As part of a series presented by the Center for Financial Inclusion (CFI) about the financial sector, Vitas Argimon explains the unique value presented by partnerships between financial startups and banks. Instead of every player duplicating the work of the others by forging ahead alone, partnering is the best way to strengthen the sector together.
“As challenges by tech-enabled competition mount, banks are seeking to link-up with startups as they see opportunities to reach new markets, bring down costs, and/or enhance their service offerings. Startups offer agility, a proclivity for risk-taking, and a disruptive mindset. On the other hand, banks already have the customer scale, comprehensive product portfolio, robust infrastructure, deposit insurance, branding, and experience/expertise. The combination of these strengths can be especially enabling when seeking out previously unreached population segments because the business models for serving those segments often depend on technologies that bring down costs. Startups can offer banks the tools they need to serve lower-income customers that would be difficult to serve within the confines of their traditional banking models. At the same time, many startups need access to customers and financial resources that banks can provide.” (emphasis added)
Image via CFI
Argimon further highlights the benefits of bank-fintech partnerships in another article called “The New Wave of Partnership Models Between Banks and Startups.” He states that “many banks are building a vast ecosystem of partnerships to expand their reach and service offerings and to improve internal processes.” Juntos’ partnership with BBVA is highlighted in a graphic within the article.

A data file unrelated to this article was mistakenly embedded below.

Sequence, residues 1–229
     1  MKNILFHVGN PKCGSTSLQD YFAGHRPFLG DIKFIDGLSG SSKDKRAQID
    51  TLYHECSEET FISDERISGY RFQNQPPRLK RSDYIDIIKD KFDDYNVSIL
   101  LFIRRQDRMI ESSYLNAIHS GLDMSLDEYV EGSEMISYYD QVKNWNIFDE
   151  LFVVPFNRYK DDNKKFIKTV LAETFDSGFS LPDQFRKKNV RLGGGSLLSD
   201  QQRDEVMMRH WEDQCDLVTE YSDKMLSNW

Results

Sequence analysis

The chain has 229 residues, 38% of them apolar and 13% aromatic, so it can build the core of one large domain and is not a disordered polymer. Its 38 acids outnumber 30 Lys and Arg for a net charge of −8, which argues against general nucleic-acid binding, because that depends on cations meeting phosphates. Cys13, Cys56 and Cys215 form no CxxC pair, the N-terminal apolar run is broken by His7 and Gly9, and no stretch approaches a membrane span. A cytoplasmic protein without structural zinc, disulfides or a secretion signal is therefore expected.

Image via CFI
The characteristics inherent to both banks and startups provide a unique opportunity for partnerships and growth between both entities. For further reading, be sure to read both the first and second article in the CFI series.
In a report titled “The Business of Financial Inclusion: Insights from Banks in Emerging Markets,” the Center for Financial Inclusion (CFI) lists Juntos as one organization enabling innovative means of financial capability for banks. The report explains:
“Many banks are designing simpler products, usually entry products that give new customers experience with banking. Others embed financial capability into product design and delivery. They find ways to help customers learn by doing and give information at teachable moments when customers are most engaged in learning about potential services. BBVA Bancomer and Bancolombia each contract with Juntos to send SMS messages to customers. These messages are tailored to each customer’s use patterns, and customers respond with text messages that then give the bank more information about the customer’s needs and preferences. The two-way communication not only builds customers’ capability, it also builds the bank’s capacity to understand its customers.”
BBVA Bancomer recently published the results of their partnership with Juntos. On page 19 of the report (full report available here; in Spanish), BBVA notes that the partnership resulted in overall higher average balances and an increase in transactions in digital accounts.
BBVA Bancomer ya publicó un reporte sobre los resultados de la colaboración con Juntos. Abajo se detallan las diferencias entre los saldos promedio de los usuarios en el grupo de Juntos y el grupo control. Se puede encontrar el reporte en su totalidad aquí.